C++ using sorted vector and std::lower_bound


  • 0
    M

    As an alternative to std::map, I often find it's nicer to use a sorted vector and run a binary search (aka 'lower_bound').

    I'm starting to have doubts about the timing accuracy of leetcode across languages. This runs in ~116 ms and 'beats 86.9% ...'

            vector<int> findRightInterval(vector<Interval>& intervals)
            {
                auto N = static_cast<int>(intervals.size());
    
                struct Item {
                    int value;
                    int index;
                };
    
                vector<Item> starts(N + 1);
                for (int i = 0; i < N; ++i)
                {
                    starts[i] = { intervals[i].start, i };
                }
    
                // 'not found' value
                starts.back().index = -1;
    
                auto cmpval = [](const Item& lhs, const Item& rhs)
                { return lhs.value < rhs.value; };
    
                sort(begin(starts), end(starts) - 1, cmpval);
    
                vector<int> res(N);
                for (int i = 0; i < N; ++i)
                {
                    Item item = { intervals[i].end, i };
    
                    auto iter = lower_bound(
                        begin(starts), end(starts) - 1,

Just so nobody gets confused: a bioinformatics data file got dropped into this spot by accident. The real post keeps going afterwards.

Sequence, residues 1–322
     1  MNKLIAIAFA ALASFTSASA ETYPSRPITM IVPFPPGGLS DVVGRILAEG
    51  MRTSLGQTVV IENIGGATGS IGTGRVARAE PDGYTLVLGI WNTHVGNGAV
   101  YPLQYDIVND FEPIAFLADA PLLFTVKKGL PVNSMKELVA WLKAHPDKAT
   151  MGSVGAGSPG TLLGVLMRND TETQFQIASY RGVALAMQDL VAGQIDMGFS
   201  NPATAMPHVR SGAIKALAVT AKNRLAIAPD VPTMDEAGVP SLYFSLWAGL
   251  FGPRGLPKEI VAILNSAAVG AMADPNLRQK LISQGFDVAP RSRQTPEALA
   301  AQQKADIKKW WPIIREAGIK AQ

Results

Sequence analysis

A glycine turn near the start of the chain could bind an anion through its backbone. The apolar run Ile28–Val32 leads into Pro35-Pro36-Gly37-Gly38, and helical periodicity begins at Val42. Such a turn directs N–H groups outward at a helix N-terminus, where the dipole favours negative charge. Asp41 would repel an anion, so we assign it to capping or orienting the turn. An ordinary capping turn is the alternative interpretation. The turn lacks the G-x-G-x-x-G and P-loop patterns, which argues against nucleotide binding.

item, cmpval);
    
                    res[i] = iter->index;
                }
    
                return res;
            }
    

  • 0

    So this is similar to use map::lower_bound if you define a map: start -> index, right? Did you test if there is any performance differences if using built-in map::lower_bound, self-made vector<struct> and vector<pair<int,int>>? I am just curious.


  • 1
    M

    @zzg_zzm
    Yes, this can done with a map. I've looked at performance in other contexts, but not for this problem. I've found that there is often -- but not always -- little appreciable performance difference between a map and doing the sort+search manually on a vector. However, occasionally there is a noticeable difference in favor of a vector and it can be large, like x2-x10, especially when doing multiple searches. Presumably this is because of inherent cache friendliness of the vector.

    I've followed some of the recent talks at things like cppcon and there has been a lot of map bashing the last couple years. I think this is more relevant for performance-critical code, whereas much everyday code is fine using a map (or an unordered_map).

    I've personally found vectors easier to test and debug with, at least for smallish collections (e.g. < 1024 items).


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